The Fight Against Racism Lacks Punch
During one of my frequent visits to one of the many websites dealing in transfer rumours and speculation (in my defence it’s the close season and I’m bored) I began to wonder, what was the most outlandish rumour that I’d come across during this, the silliest of silly seasons? A few came to mind, Eto’o to Spurs, Thiago Alcantara to Bolton, there are of course many, many more. However one rumour, through its sheer implausibility, stood out amongst all others. Emmanuel Adebayor was reported to be a transfer target for Russian giants Zenit St Petersburgh. On the face of it this is a move that would make sense, Zenit, backed by the Russian oil giant Gazprom, are one of the few clubs in Europe with the means to provide a financial package that would appeal to both the former Togolese captain and his current club, Manchester City. A spell at Zenit would also give Adebayor the chance to add to his medal collection, something the player has said is key to any future move. The reason this potential transfer is so unlikely though has nothing to do with football, the problem is the colour of Adebayors skin.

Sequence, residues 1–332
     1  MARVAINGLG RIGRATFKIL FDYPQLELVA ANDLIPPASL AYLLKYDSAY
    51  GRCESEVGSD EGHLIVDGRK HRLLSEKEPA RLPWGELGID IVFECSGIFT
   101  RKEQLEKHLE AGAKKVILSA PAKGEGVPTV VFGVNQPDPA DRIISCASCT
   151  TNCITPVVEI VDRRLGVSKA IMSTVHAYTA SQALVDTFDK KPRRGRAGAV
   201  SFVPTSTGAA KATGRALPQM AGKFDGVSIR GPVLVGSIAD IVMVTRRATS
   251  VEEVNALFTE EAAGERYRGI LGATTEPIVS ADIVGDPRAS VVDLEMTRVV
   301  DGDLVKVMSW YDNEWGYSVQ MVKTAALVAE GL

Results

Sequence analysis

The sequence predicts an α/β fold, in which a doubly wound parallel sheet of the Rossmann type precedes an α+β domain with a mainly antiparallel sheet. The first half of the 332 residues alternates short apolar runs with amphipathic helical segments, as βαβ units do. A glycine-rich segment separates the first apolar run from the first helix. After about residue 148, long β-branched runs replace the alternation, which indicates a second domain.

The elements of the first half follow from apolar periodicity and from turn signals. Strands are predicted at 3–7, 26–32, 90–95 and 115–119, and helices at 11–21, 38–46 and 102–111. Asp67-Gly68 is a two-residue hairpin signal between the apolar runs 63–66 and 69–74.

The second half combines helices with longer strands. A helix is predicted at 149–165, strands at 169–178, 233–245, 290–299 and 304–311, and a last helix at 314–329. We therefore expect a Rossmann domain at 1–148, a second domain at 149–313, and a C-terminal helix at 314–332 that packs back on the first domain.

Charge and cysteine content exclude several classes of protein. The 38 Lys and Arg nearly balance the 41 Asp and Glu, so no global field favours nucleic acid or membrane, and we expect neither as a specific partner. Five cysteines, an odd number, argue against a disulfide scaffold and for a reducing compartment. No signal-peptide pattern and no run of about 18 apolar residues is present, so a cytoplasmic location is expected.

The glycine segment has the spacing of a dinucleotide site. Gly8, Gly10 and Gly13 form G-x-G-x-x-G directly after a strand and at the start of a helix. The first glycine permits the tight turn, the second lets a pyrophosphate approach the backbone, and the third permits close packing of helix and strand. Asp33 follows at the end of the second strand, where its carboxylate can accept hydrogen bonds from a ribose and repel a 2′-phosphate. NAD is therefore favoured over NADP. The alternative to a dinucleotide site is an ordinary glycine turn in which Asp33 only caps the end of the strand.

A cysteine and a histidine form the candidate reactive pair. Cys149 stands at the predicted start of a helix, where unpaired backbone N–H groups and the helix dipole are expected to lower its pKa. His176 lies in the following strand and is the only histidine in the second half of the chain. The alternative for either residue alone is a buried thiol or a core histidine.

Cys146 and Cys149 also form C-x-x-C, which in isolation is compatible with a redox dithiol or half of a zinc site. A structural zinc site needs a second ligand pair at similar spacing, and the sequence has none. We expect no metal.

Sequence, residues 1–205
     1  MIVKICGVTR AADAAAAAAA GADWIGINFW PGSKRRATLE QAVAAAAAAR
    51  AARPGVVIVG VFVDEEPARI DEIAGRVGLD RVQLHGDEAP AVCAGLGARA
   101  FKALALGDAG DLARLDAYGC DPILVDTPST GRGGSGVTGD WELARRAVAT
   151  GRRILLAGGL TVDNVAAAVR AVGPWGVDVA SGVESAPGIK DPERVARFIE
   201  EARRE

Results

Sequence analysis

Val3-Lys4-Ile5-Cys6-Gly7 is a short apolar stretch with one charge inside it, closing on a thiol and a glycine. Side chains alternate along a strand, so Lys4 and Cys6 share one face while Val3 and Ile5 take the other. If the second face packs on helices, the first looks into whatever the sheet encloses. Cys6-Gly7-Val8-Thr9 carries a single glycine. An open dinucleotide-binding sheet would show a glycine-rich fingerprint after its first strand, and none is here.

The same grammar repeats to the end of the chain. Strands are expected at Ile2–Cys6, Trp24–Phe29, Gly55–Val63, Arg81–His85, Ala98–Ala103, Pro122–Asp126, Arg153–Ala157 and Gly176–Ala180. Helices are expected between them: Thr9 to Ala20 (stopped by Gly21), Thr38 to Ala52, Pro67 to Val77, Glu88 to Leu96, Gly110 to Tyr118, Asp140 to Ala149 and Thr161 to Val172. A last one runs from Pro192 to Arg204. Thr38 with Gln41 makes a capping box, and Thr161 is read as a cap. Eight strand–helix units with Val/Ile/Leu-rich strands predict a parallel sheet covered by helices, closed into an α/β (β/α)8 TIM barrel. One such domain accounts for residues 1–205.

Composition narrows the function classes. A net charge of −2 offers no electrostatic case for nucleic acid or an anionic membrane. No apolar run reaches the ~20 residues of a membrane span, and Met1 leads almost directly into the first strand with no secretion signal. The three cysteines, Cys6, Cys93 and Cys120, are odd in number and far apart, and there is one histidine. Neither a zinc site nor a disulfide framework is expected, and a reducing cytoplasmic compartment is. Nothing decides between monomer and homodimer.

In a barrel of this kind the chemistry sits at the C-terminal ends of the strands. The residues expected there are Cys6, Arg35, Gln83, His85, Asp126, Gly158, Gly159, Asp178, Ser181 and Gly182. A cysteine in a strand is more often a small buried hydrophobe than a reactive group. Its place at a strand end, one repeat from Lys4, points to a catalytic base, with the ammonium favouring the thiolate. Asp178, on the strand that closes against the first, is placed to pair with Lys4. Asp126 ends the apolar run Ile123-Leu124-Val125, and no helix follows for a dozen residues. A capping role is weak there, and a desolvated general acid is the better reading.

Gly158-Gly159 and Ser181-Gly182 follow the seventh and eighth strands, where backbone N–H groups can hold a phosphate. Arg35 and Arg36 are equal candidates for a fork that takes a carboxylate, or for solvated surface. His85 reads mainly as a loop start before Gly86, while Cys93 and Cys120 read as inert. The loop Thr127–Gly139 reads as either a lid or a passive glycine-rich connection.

During Dick Advocaat’s successful spell in charge of Zenit he claimed that he would like to sign a black player but that it was not possible. The clubs most fanatical supporters (the Ultras) would not accept it. This group of supporters have a huge influence over the policies of their club, to a level beyond anything we have ever witnessed in this country. I should point out that Zenit say that Advocaats quotes were misrepresented and current manager Luciano Spalletti claims he is free to sign whomever he wishes, irrespective of race, meanwhile, the Zenit line-up remains exclusively white.
Awareness in this country, of the overt racism of many involved in Russian football, has increased recently, this can mainly be attributed to the reporting of a couple of high profile incidents. The move of the half Nigerian, half Russian striker Peter Odemwinge to West Brom, from Locomotive Moscow was celebrated by the Locomotive Ultras with a banner thanking the English club, accompanied by the image of a banana. Incidentally come the end of the season it was the baggies fans who had cause to thank their Locomotive counterparts, after a sparkling debut campaign from Odemwingie helped West Brom to the (relatively) dizzy heights of a mid-table finish. They say ‘a picture paints a thousand words’ and the look of incredulity, mixed with rage, on the face of the great Brazilian Roberto Carlos as he was racially abused for the second time during his stint at Anzhi Makhachkala, illustrates the horrifying nature of the racism problem which blights Russian football far more eloquently than the range of my vocabulary permits. The site of one of the most iconic footballers of his generation, an utter tank of a man, so visibly affected by the words and actions of these pathetic cowards is one of the most upsetting I have seen in football.